Police in southern India said Friday that a third woman has entered a flash point temple, stoking tensions after two days of clashes involving Hindu hardliners and police.
The Sabarimala temple in Kerala state has been at the centre of a prolonged showdown since India’s top court overturned in September a ban on women aged 10 to 50 setting foot inside.
Before dawn on Wednesday two women in their 40s, escorted by police, wrong-footed devotees to become the first to access the shrine since the landmark verdict, sneaking in via a side entrance. They remained under police protection on Friday.
The third to enter the temple, on Thursday night, was a Sri Lankan woman, police said.
“She entered the temple yesterday night. She is 47 years old and came as a devotee. We were aware and watched the situation,” Balram Kumar Upadhyay, a police official, said.
Upadhyay said that the situation at the temple on Friday was “normal for now.”
Thousands of Hindu hardliners, many of them female, had previously succeeded in preventing women from accessing the site in the weeks following the landmark ruling, with some hardliners throwing stones at police and assaulting female journalists.
Wednesday’s news sparked uproar among Hindu devotees, including many in Prime Minister Narendra Modi’s Bharatiya Janata Party (BJP), who believe that women of menstruating age should not enter the temple because the diety it is dedicated to, Ayyappa, was celibate.
Clashes on Wednesday and Thursday between devotees, activists of Kerala’s ruling leftist alliance and riot police firing tear gas and water cannon, left one man dead and at least 15 people injured, including four who were stabbed.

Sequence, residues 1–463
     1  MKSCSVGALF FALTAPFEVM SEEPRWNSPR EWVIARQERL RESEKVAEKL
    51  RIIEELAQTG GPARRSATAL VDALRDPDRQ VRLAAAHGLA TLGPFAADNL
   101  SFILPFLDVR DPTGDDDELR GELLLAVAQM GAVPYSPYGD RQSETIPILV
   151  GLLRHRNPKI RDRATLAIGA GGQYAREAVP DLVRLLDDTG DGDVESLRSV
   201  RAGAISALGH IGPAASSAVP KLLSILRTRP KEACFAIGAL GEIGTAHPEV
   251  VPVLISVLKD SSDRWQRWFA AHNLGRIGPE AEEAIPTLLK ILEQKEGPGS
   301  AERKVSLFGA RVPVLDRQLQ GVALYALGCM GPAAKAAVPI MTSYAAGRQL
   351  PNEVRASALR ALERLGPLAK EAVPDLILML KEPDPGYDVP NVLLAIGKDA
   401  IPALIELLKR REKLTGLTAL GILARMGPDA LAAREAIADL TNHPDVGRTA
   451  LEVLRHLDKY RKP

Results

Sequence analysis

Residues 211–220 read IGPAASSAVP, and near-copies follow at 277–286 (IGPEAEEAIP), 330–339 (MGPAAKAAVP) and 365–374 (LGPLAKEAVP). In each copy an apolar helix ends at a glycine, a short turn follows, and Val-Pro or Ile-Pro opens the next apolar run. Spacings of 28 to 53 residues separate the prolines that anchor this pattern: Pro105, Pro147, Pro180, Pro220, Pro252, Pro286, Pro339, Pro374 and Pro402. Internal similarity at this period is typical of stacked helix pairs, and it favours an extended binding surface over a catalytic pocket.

Police said that 1,369 people have been arrested, and that the situation on the ground on Friday was peaceful but tense.
Much of the sporadic violence took place as Hindu hardliners sought to force shopkeepers to comply with a dawn-til-dusk “hartal” shutdown called by the Sabarimala temple hierarchy, media reports said.
On Tuesday tens of thousands of women, in an initiative backed by the state government, had formed a huge human chain called the “Women’s Wall” across Kerala to back the demand access.
The Supreme Court is to start hearing a legal challenge on its temple ruling — the latest in a series of verdicts to upset traditionalists and reflect a more liberal outlook in Indian society — from January 22.
Women are barred from a handful of Hindu temples in India. The entry of women of menstruating age to Sabarimala was taboo for generations and formalized by the Kerala High Court in 1991.